Monday, August 11, 2014

Science of Harakiki

Sd Laika, That’s Harakiri, a new sound world, best on vinyl.

Of course, there’s an obvious answer why women develop relationship with fashion brands :  society expects women to look a certain way. Put into economics terms, there’s a higher return on investment for beauty for women. Beauty products are becoming more popular among men, it’s true, but expensive skin cream is still optional. For women, all those trappings are more necessary Realising Potentials

The Economist ran a long feature story, full of data on the world’s oldest profession. 

A degree appears to raise earnings in the sex industry just as it does in the wider labour market. A study by Scott Cunningham of Baylor University and Todd Kendall of Compass Lexecon, a consultancy, shows that among prostitutes who worked during a given week, graduates earned on average 31% more than non-graduates. More lucrative working patterns rather than higher hourly rates explained the difference. Although sex workers with degrees are less likely to work than others in any given week (suggesting that they are more likely to regard prostitution as a sideline), when they do work they see more clients and for longer. Their clients tend to be older men who seek longer sessions and intimacy, rather than a brief encounter.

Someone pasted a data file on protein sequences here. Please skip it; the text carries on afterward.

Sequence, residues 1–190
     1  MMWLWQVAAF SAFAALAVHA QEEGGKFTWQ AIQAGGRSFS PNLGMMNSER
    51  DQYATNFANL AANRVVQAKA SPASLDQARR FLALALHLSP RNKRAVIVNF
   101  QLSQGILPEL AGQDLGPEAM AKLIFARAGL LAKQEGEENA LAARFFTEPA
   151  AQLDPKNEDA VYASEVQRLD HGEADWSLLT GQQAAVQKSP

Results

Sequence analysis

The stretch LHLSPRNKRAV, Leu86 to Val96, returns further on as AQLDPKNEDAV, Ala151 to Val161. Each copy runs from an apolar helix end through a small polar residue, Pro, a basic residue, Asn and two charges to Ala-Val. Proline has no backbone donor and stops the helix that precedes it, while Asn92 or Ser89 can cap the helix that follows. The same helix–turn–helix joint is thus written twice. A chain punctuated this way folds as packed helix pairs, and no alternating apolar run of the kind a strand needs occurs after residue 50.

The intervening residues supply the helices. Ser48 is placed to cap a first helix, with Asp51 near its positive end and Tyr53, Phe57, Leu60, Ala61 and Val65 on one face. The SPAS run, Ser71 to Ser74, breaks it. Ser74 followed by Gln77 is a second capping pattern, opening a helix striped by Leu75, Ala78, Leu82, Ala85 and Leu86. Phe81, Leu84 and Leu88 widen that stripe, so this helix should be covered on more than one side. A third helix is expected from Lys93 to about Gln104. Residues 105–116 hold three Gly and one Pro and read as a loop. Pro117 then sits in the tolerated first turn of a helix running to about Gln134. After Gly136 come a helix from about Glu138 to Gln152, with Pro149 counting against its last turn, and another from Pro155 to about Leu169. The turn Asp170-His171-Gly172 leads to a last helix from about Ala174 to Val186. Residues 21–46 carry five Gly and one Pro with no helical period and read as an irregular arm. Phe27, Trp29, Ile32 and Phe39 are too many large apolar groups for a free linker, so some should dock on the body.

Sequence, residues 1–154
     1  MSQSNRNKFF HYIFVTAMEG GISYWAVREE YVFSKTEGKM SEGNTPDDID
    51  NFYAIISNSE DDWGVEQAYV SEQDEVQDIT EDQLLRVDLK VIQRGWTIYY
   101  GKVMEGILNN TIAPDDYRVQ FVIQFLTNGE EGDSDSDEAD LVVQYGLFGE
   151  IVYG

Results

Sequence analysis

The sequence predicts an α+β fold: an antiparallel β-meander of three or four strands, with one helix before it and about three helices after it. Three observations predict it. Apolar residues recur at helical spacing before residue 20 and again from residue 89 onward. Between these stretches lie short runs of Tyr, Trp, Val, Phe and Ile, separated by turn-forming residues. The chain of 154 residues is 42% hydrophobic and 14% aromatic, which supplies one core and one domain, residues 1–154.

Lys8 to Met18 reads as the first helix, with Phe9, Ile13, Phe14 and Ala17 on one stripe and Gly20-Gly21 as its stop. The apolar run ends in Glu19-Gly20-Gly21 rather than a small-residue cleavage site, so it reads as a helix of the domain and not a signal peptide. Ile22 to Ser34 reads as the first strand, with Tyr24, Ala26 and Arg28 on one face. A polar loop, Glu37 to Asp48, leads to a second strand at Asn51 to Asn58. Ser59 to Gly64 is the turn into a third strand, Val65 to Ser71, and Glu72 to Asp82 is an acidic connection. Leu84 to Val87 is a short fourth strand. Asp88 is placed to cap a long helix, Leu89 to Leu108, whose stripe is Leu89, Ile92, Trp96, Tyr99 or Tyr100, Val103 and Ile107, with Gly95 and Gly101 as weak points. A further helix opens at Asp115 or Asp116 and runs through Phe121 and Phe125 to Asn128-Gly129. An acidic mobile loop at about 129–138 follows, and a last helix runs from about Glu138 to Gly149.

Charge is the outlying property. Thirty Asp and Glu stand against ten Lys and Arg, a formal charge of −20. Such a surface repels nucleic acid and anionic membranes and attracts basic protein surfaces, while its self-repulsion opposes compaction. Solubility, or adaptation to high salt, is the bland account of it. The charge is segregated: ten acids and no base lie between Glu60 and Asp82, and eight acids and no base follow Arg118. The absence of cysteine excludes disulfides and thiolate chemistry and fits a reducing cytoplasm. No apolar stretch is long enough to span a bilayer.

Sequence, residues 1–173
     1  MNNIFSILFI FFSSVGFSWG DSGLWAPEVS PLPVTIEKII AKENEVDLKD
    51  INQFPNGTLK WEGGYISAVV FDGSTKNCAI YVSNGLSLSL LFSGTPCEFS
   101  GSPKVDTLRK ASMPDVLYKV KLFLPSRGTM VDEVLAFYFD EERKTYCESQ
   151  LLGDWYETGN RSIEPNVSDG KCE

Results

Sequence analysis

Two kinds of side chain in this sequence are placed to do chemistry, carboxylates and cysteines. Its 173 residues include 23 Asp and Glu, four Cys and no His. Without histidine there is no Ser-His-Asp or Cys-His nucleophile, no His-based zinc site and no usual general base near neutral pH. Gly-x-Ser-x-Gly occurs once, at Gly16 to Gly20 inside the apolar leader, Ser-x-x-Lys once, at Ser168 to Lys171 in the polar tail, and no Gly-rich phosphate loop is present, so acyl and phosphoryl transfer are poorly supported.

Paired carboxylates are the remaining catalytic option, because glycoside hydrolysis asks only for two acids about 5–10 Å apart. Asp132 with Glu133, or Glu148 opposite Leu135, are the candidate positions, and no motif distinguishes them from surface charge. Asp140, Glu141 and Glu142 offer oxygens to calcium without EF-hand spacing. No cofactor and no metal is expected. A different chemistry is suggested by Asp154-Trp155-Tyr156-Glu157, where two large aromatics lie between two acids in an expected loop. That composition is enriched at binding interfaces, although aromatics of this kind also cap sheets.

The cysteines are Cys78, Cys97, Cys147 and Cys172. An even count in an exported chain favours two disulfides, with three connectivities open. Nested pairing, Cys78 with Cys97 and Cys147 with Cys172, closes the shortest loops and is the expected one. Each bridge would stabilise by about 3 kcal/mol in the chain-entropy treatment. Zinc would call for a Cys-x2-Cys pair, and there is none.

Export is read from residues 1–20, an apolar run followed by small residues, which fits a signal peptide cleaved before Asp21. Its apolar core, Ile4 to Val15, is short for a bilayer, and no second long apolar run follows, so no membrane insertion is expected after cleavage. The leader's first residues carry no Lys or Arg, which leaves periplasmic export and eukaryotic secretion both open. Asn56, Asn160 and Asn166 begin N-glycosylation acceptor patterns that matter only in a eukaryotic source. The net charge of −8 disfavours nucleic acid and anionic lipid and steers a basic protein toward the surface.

Are there general lessons here for the rate of return to education?  Here is another bit, when it comes to disintermediation one sex worker complains:
Moving online means prostitutes need no longer rely on the usual intermediaries—brothels and agencies; pimps and madams—to drum up business or provide a venue. Some will decide to go it alone. That means more independence, says Ana, a Spanish-American erotic masseuse who works in America and Britain. It also means more time, effort and expertise put into marketing. “You need a good website, lots of great pictures, you need to learn search-engine optimisation…it’s exhausting at times,” she says.
The axe is hanging over the jobs of another 8000 public servants at the Australian Taxation Office as the agency subjects their workplaces to a round of "corporate reviews".
Unions are predicting that more than 2000 tax officials will be facing the dole queue before the restructure is over, but taxation bosses are pledging they will try to find work for those displaced in the reviews. Less pain no gain